The notion that two models are equally wrong because they are both exactly at the same Kullback-Leibler distance from the generating process (when optimised over the parameter) is such a formal [or cartoonesque] notion that it does not make much sense. There is always one model that is slightly closer and eventually takes over. It is also bizarre that the argument does not account for the complexity of each model and the resulting (Occam’s razor) penalty. Even two models with a single parameter are not necessarily of intrinsic dimension one, as shown by DIC. And thus it is not a surprise if the posterior probability mostly favours one versus the other. In any case, an healthily sceptic approach to Bayesian model choice means looking at the behaviour of the procedure (Bayes factor, posterior probability, posterior predictive, mixture weight, &tc.) under various assumptions (model M¹, M², &tc.) to calibrate the numerical value, rather than taking it at face value. By which I do not mean a frequentist evaluation of this procedure. Actually, it is rather surprising that the authors of the PNAS paper do not jump on the case when the posterior probability of model M¹ say is uniformly distributed, since this would be a perfect setting when the posterior probability is a p-value. (This is also what happens to the bootstrapped version, see the last paragraph of the paper on p.1859, the year Darwin published his Origin of Species.)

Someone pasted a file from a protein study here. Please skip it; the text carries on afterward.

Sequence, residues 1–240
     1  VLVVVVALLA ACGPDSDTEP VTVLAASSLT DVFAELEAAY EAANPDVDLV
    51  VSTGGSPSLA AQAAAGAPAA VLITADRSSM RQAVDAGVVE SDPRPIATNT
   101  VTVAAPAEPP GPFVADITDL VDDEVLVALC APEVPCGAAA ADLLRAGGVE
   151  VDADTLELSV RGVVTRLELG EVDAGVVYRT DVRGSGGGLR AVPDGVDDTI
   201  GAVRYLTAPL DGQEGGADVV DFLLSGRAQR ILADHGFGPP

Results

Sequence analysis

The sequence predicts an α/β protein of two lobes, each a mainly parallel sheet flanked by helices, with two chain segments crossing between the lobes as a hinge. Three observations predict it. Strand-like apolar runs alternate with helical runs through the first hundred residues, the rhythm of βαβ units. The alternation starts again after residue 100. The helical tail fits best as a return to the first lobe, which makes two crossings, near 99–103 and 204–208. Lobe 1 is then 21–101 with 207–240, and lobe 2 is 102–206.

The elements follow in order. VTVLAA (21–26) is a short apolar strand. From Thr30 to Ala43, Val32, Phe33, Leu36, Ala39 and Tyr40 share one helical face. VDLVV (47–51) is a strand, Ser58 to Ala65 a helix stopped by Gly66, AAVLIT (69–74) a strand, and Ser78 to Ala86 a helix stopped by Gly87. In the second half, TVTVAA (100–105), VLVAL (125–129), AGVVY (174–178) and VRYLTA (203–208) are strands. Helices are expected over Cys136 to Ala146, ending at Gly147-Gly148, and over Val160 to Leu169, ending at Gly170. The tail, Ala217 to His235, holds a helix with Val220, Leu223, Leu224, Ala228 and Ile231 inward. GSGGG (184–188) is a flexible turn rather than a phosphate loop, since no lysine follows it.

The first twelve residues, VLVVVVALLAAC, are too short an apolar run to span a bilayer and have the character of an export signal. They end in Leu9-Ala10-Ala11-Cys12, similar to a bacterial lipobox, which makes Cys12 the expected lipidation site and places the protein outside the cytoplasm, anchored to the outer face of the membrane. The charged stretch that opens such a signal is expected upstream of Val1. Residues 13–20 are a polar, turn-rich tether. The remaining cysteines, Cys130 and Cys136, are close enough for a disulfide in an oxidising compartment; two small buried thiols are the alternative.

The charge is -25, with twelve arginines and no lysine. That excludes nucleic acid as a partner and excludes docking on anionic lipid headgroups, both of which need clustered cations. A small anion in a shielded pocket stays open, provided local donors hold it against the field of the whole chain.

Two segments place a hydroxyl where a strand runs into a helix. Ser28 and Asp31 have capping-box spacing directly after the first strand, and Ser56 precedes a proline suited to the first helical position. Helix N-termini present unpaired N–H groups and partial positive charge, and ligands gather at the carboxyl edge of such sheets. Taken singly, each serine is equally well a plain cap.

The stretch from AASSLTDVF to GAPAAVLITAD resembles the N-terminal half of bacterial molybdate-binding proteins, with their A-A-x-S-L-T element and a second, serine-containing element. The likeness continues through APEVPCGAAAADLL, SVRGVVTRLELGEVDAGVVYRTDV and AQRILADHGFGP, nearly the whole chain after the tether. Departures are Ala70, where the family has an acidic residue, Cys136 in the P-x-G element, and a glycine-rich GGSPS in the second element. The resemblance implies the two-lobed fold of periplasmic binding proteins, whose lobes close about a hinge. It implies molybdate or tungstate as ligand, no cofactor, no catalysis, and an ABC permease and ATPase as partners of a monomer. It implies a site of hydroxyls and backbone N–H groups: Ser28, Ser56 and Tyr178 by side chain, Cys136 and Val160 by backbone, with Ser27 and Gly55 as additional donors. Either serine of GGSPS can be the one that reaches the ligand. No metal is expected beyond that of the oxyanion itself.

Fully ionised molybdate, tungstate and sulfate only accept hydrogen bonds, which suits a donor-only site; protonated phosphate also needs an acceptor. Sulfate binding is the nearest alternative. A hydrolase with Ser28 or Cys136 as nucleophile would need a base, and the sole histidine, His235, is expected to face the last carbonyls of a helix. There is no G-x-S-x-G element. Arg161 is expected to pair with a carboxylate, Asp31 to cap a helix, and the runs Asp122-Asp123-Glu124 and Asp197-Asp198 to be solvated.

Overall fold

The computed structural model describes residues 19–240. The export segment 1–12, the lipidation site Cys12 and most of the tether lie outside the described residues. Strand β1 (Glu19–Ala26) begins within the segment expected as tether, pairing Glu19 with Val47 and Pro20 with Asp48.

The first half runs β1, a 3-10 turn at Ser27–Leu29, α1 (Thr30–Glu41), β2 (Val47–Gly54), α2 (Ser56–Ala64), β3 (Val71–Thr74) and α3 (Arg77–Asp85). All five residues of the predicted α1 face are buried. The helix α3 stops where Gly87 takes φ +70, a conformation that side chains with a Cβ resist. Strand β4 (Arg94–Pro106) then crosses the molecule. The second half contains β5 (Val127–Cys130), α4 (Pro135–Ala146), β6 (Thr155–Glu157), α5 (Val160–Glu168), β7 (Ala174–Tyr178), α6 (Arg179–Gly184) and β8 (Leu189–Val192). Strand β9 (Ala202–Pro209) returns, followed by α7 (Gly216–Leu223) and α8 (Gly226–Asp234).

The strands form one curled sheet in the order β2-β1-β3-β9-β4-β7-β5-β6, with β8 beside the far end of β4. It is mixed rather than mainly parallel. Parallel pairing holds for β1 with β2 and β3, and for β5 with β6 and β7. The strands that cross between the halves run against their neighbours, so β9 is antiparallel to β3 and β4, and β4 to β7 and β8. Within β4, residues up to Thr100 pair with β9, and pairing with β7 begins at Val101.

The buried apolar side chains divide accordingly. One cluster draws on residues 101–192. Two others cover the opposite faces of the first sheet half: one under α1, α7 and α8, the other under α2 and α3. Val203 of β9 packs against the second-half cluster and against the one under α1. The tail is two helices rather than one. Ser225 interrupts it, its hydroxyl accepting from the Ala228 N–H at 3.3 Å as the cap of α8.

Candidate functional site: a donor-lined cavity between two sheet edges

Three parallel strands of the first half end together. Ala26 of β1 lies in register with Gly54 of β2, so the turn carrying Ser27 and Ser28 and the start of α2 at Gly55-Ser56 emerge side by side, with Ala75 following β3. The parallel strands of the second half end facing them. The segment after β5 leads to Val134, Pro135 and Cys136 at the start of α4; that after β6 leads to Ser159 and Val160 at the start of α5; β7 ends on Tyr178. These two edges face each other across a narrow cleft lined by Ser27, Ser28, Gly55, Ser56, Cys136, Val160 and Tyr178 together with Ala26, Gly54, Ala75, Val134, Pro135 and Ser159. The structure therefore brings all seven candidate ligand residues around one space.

May 2, 2019 at 3:09 pm

I don’t know the authors of this paper. But I have read it pretty carefully and I have to disagree on a number of points.

> no statistical novelty, apart from looking at the distribution of posterior probabilities in toy examples

There are a number of quite general asymptotic results buried in the supplementary materials. So I think there is some statistical novelty here.

> It is also bizarre that the argument does not account for the complexity of each model and the resulting (Occam’s razor) penalty

Their general theory in the supplementary material does cover the case of models of different dimensionality and there is in fact an Occam’s razor penalty. It’s summarized in Table S.3.